Meditation is the Fastest Growing Health Trend in the Country
Meditation is fast becoming a practice essential to overall well-being for many Americans. Researchers recently concluded a five-year study on the three most popular “complementary therapies” in the U.S. – yoga, meditation and chiropractic care – and found that the practice of meditation had experienced a three-fold increase among study participants.
More people are looking for healthy ways to control stress, improve sleep, remove distractions and adopt a more positive outlook. They’re finding that meditation can promote a sense of calm while you’re practicing, and may provide a sense of improved well-being long after your meditation session ends.
Why Practice Meditation?
There are dozens of reasons to try meditation, and everyone’s experience is different. The Mayo Clinic details the multiple emotional benefits of meditation on their website, including:
- Gaining a new perspective on stressful situations
- Building skills to manage stress
- Increasing self-awareness
- Focusing on the present
- Reducing negative emotions
- Increasing imagination and creativity
- Increasing patience and tolerance
Who Practices Meditation?
The practice of meditation is truly mainstream these days, with practitioners of all ages looking to benefit from self-reflection and mindfulness, and to bring a sense of balance to their day. Meditation techniques are commonly taught in school classrooms, healthcare settings, and workplaces of all sizes. Anyone desiring a little more peace can practice meditation to feel calmer and more relaxed.
Getting Started with Meditation
If you’ve never tried meditation before, there are many ways to practice, but all involve the same core principles:
- Focused attention, often on a specific object or image
- Relaxed breathing from the diaphragm, allowing you to take in more oxygen and relax your neck and shoulders
- A quiet setting, away from distractions
- A comfortable position, but also being mindful of posture
- An open mind. Being open to the possibility of relaxation ultimately makes it easier to relax.
It may feel odd or silly at first, but like most new endeavors, practice makes perfect.
How to Meditate
There are lots of resources to use when you’re ready to try meditation. Look for apps like Headspace that offer free and paid subscriptions with practices of different lengths, for different end results like stress reduction or better sleep.
There are countless audio programs, DVDs and YouTube channels where you can follow a guided practice along with a leader. Finally, check out meditation websites for newsletters, videos, and podcasts organized in a central location. Mindful.org is one of the best, with comprehensive, engaging information and articles that provide a well-rounded approach to complementary therapies and practices that contribute to a healthy mind and healthy life.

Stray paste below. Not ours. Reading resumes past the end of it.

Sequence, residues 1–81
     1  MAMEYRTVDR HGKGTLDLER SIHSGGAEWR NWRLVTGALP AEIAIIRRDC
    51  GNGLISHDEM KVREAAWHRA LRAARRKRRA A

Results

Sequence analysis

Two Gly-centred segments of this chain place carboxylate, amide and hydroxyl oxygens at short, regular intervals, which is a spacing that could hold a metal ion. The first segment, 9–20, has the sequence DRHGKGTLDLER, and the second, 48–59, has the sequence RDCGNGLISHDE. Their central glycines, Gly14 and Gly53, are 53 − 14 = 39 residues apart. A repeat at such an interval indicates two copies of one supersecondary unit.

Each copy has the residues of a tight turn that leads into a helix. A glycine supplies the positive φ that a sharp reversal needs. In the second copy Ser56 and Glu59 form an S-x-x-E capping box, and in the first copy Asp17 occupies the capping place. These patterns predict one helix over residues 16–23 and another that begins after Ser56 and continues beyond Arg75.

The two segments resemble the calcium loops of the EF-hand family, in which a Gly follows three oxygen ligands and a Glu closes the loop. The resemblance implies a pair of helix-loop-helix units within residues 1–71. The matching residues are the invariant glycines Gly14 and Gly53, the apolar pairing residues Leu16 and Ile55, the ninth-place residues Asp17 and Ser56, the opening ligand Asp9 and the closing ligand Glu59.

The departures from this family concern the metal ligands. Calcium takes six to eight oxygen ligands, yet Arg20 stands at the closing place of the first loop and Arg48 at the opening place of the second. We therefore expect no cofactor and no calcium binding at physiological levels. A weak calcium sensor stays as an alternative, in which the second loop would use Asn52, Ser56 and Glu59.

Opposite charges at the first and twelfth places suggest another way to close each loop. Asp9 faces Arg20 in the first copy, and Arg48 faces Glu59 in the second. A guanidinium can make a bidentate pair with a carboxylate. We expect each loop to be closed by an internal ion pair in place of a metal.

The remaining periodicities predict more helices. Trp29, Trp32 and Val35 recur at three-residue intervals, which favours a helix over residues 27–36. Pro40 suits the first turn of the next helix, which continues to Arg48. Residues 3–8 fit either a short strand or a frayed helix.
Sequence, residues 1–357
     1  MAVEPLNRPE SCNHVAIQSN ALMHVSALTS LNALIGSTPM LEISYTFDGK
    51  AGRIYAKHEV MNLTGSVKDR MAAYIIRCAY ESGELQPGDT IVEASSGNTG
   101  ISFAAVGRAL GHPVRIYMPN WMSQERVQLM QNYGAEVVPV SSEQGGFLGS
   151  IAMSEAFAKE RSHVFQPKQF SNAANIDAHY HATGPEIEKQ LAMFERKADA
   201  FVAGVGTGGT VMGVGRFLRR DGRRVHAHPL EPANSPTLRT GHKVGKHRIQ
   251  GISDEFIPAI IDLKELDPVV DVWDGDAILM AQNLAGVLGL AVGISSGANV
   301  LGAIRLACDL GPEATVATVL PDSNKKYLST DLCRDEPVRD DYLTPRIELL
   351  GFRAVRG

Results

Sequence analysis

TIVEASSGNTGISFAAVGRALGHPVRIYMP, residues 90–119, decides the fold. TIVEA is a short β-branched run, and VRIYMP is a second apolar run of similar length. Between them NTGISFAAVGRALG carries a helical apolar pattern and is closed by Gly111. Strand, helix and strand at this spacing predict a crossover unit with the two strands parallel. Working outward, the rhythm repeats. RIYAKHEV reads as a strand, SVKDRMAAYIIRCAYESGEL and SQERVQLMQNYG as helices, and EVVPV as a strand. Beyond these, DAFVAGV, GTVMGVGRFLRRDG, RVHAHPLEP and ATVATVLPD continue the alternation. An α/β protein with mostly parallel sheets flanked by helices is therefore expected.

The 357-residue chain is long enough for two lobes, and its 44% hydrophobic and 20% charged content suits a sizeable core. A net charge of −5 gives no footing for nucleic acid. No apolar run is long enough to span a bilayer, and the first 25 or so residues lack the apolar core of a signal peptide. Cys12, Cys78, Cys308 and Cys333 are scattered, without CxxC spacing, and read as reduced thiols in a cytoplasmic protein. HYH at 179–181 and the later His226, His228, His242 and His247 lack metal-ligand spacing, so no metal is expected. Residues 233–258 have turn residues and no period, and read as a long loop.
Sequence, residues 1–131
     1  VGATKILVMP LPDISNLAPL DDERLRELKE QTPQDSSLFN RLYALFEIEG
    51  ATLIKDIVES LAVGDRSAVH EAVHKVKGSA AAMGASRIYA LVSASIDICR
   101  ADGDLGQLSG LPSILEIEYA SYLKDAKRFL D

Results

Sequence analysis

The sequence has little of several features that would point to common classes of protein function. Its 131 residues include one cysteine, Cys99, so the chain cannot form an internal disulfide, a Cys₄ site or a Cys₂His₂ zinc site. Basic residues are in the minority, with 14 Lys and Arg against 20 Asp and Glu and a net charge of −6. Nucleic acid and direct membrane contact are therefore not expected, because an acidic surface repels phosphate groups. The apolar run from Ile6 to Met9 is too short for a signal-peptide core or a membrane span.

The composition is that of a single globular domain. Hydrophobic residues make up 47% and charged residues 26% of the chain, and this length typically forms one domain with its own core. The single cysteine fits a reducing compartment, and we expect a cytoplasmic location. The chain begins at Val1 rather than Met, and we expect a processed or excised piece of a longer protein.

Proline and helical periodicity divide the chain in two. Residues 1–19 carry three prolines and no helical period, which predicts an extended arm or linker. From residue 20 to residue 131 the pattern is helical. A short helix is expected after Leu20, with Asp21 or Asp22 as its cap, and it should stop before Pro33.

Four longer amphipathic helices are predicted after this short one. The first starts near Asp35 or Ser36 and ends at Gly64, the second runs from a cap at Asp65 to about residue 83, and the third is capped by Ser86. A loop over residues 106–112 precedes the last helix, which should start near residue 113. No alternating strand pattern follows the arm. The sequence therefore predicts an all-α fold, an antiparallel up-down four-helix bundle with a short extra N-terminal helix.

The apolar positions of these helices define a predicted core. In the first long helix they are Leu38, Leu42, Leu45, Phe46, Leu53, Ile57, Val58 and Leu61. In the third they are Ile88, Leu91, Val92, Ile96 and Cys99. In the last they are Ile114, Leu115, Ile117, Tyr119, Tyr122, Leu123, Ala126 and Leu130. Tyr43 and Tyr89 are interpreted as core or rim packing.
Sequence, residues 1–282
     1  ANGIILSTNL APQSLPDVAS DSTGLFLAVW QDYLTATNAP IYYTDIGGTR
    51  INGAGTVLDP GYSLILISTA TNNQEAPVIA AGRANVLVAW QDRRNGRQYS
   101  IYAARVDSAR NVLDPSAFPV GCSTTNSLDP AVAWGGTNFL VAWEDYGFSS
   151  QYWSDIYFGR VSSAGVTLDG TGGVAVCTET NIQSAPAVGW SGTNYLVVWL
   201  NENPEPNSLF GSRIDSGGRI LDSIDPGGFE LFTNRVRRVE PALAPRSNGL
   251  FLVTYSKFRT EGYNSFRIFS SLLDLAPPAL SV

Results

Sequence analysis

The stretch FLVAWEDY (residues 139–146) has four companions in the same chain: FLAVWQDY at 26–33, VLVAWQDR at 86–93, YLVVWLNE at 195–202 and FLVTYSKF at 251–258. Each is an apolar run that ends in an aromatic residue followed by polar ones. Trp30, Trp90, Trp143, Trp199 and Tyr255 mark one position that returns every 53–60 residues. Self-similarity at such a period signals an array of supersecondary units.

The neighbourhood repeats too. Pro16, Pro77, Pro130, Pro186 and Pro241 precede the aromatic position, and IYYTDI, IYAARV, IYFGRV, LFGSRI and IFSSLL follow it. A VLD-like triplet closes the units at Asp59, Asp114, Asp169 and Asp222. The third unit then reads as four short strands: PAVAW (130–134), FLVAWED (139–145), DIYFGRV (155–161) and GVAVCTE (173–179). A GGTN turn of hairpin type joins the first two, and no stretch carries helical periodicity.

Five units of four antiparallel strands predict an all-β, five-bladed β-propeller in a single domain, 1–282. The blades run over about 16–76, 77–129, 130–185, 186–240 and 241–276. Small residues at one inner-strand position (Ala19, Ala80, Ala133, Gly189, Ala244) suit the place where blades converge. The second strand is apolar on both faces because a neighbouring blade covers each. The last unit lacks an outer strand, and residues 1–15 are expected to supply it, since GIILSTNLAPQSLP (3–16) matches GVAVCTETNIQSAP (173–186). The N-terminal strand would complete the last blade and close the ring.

Mindful.org offers this helpful 8-step “How to Meditate” guide:
- Take a seat. Find a place to sit that feels calm and quiet to you.
- Set a time limit. If you’re just beginning, it can help to choose a short time, such as five or 10 minutes.
- Notice your body. You can sit in a chair with your feet on the floor, you can sit loosely cross-legged, you can kneel—all are fine. Just make sure you are stable and in a position you can stay in for a while.
- Feel your breath. Follow the sensation of your breath as it goes in and as it goes out.
- Notice when your mind has wandered. Inevitably, your attention will leave the breath and wander to other places. When you get around to noticing that your mind has wandered—in a few seconds, a minute, five minutes—simply return your attention to the breath.
- Be kind to your wandering mind. Don’t judge yourself or obsess over the content of the thoughts you find yourself lost in. Just come back.
- That’s it! That’s the practice. You go away, you come back, and you try to do it as kindly as possible.
- Close with kindness. When you’re ready, gently lift your gaze (if your eyes are closed, open them). Take a moment and notice any sounds in the environment. Notice how your body feels right now. Notice your thoughts and emotions.
If you’re short on time, the below video illustrates the recommended amount of time to focus on your breathing and clearing of the mind.